5. ^ Rhode Island Unwind. Gilbert Stuart Birthplace. Accessed: July 28, 2007.
  6. ^ NNDB. Gilbert Stuart. Father. Accessed: July 25, 2007.
  7. ^ McLanathan, Richard. Gilbert Stuart. New York: Harry N. Abrams Inc., 1986. p13
  8. ^ Gilbert Stuart Birthplace. Gilbert Stuart. Accessed: July 28, 2007.
  9. ^ National Gallery of Art. Gilbert Stuart. Newport and Edinburgh (1755-1775). Accessed: July 28, 2007.
  10. ^ Woonsocket: My home town on the web. Rhode Island. Gilbert Stuart. Accessed: July 25, 2007.
  11. ^ a b National Gallery of Art. Gilbert Stuart. London (1775-1787). Accessed: July 31, 2007.
  12. ^ National Gallery of Art. Gilbert Stuart. Dublin (1787-1793). Accessed: July 31, 2007.
  13. ^ "Gilbert Stuart - Washington". AMERICANREVOLUTION.ORG. Retrieved 2007-11-25.  
  14. ^ "George Washington". Smithsonian Institution. Retrieved 2007-11-25.  
  15. ^ National Gallery of Art. Gilbert Stuart. Philadelphia (1794-1803). Accessed: July 31, 2007.
  16. ^ a b c "Unfinished Art: Gilbert Stuart's Portrait of George Washington". The People's Almanac. Retrieved 2008-04-21.  
  17. ^ National Gallery of Art. Gilbert Stuart. Washington, DC (1803-1805). Accessed: July 31, 2007.
  18. ^ McLanathan, Gilbert Stuart, p148
  19. ^ McLanathan, Gilbert Stuart, p150
  20. ^ Wolpaw, Jim. Gilbert Stuart: A Portrait from Life (9-Minute Trailer). Documentary.
  21. ^ Havard, Bernard and Sylvester, Mark D. Walnut Street Theatre. Charleston: Arcadia Publishing, 2008. p9
  22. ^ Google BooksWalnut Street Theatre
  23. ^ Mason, George C. The Life and Works of Gilbert Stuart. New York: Charles Scribner's Sons, 1879.
  24. ^ Google Books The Life and Works of Gilbert Stuart
  25. ^ Howard, Hugh The Painter's Chair, p174. New York: Bloomsbury Press, 2009
  26. ^ National Gallery of Art. John Bill Ricketts, 1795/1799. Accessed: July 24, 2007.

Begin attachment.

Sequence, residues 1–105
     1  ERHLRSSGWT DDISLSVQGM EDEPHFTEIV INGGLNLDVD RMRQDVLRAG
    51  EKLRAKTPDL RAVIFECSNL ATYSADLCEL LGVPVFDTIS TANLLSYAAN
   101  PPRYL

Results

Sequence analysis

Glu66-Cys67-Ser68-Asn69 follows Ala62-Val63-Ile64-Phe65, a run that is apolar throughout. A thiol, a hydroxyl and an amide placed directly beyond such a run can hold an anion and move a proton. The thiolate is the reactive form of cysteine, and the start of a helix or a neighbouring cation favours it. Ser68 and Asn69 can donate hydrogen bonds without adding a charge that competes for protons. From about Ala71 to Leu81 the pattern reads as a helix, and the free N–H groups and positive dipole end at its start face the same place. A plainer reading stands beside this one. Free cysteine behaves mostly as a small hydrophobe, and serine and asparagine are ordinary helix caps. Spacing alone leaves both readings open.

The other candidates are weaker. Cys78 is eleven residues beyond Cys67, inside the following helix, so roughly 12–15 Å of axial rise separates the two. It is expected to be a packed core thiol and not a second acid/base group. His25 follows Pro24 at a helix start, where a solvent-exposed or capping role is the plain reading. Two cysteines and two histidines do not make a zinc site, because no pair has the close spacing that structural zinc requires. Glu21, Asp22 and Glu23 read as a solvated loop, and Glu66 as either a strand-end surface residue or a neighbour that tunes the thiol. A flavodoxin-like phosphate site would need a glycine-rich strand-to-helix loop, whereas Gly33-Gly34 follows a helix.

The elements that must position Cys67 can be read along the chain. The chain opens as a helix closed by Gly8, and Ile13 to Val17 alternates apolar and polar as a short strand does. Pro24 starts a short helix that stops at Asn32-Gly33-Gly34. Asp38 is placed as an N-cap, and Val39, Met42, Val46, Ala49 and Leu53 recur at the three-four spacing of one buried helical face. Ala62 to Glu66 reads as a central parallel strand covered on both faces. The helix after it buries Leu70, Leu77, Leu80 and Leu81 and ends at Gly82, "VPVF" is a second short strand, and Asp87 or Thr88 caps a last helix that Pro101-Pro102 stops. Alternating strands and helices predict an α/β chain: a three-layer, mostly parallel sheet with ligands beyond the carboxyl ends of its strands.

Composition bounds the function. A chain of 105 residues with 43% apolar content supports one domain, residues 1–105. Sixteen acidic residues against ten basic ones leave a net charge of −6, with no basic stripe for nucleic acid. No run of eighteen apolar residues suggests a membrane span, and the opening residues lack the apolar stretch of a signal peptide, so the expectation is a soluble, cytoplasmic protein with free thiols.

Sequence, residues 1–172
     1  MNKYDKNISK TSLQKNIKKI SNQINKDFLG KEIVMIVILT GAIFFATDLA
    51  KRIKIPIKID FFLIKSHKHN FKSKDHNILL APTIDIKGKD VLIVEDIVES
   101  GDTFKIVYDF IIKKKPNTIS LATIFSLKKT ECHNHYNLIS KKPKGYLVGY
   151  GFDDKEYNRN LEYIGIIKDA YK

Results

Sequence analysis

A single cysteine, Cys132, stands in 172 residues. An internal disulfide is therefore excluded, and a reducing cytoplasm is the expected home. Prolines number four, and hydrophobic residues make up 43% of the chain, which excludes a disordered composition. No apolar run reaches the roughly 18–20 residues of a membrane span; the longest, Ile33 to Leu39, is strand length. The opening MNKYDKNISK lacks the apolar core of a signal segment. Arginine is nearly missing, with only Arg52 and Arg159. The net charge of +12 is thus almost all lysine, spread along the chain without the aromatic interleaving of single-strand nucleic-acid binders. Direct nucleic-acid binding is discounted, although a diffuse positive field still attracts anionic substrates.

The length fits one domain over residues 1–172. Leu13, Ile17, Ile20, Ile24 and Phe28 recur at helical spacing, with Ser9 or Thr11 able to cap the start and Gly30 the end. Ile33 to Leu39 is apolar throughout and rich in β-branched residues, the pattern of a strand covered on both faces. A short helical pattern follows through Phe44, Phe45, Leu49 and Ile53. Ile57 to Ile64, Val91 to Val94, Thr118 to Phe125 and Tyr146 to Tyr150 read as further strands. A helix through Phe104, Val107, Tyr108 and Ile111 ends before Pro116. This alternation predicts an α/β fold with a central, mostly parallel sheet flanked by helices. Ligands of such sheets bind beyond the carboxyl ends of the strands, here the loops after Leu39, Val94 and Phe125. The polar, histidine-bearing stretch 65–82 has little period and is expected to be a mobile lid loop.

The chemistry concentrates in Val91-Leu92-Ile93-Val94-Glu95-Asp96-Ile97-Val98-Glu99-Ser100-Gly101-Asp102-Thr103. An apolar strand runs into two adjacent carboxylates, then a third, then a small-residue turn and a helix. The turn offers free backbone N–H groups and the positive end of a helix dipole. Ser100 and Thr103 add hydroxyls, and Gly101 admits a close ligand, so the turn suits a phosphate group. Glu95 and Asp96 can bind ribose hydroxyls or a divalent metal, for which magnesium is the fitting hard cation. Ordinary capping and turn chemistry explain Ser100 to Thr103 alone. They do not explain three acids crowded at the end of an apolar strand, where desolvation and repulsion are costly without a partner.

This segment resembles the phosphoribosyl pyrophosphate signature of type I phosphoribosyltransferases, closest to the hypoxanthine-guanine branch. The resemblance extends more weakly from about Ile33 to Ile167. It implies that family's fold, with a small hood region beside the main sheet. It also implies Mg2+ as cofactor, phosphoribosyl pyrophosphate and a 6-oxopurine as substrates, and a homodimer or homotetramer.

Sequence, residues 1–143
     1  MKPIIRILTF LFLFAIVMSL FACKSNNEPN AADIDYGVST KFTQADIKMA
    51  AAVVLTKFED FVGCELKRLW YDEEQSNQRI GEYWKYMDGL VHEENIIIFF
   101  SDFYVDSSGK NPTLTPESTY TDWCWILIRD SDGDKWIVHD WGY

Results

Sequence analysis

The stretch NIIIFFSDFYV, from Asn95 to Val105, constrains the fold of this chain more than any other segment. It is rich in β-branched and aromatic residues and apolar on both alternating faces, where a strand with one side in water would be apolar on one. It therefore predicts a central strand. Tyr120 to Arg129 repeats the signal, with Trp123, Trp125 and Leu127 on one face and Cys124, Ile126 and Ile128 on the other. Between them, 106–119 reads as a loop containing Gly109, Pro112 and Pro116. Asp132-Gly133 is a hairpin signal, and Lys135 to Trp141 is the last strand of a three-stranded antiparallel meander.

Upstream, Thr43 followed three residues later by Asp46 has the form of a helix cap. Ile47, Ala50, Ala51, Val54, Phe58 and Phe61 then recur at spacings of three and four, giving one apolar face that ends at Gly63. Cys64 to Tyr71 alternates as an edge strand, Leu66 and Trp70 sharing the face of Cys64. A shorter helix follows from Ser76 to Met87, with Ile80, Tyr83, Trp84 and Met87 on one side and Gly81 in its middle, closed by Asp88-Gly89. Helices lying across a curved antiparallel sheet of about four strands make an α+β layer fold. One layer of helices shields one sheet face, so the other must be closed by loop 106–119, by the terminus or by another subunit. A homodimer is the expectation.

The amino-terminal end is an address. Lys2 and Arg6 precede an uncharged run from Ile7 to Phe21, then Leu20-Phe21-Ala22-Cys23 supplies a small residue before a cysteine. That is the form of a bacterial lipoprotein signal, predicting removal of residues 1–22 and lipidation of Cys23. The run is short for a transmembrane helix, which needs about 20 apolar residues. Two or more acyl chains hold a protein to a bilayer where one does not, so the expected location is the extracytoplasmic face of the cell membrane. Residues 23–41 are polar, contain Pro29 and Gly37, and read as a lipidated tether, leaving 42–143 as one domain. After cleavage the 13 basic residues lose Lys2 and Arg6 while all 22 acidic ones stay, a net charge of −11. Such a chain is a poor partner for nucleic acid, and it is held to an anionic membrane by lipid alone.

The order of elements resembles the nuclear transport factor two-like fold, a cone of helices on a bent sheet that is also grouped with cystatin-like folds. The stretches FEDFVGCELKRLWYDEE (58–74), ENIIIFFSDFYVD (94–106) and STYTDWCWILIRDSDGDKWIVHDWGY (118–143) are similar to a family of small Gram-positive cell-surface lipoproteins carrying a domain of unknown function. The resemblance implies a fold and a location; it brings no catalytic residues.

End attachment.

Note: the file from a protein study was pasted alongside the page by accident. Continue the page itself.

27. ^ "Gilbert Stuart". Retrieved 2009-07-16.  
  28. ^ McLanathan, Gilbert Stuart, p147
  29. ^ "Gilbert Stuart Birthplace and Museum". Retrieved 2009-07-16.  
  30. ^ a b c d NNDB, Gilbert Stuart, Executive Summary. Accessed: July 25, 2007.
  31. ^ Carter, Life and Times, 62–3.

External links

1911 encyclopedia

Up to date as of January 14, 2010

From LoveToKnow 1911

GILBERT STUART (1755-1828), American artist, was born at North Kingstown, Rhode Island, on the 3rd of December 1 755. He studied at Newport, Rhode Island, with Cosmo Alexander, and went with him to Scotland, but returned to America after Alexander's death and obtained many portrait 1 Cat. of State Papers, Venetian, ix. 541, x. 42, 514.

2 Lotti, Venetian secretary, writing on the 23rd of June, Athenaeum, vol. 97, ii. 353.

commissions. In 1775 he went to England, and became a pupil of Benjamin West in 1778. His work, however, shows none of the influence of West, and after four years Stuart set up a studio for himself in London, meeting with much success. Living beyond his means, he got into financial difficulties, and in 1788 escaped to Dublin. In London he had painted George III. and the future George IV., and in Paris had painted Louis XVI., and his success was no less great in Ireland. After five years he left Ireland for his native land in order to paint General Washington, who was said to be the only person in whose presence Stuart found himself embarrassed, and his first portrait Stuart felt was a failure; but Washington sat to him again, the result being the "Athenaeum" head on an unfinished canvas, showing the left side of the face. This remains the accepted likeness of Washington, of whom he also painted a full-length for Lord Lansdowne; of each of these portraits he executed many replicas. Among his portraits are those of Presidents Washington, John Adams, Thomas Jefferson, James Madison, James Monroe and John Quincy Adams, and John Jay, Governor Winthrop, Generals Gates and Knox, Bishop White, Chief Justice Shippen, John Singleton Copley, Sir Joshua Reynolds, Benjamin West, Lords Clinton, Lyndhurst, and Inchiquin, Sir Edward Thornton, Mme Patterson-Bonaparte and Horace Binney. Stuart's original colouring and technique, and his insight into character, make him not only one of the few great American artists, but one of the greatest portrait painters of his time. He settled at Boston in 1805, and died there on the 27th of July 1828.

See George C. Mason, Life and Works of Gilbert Stuart (New York, 1879).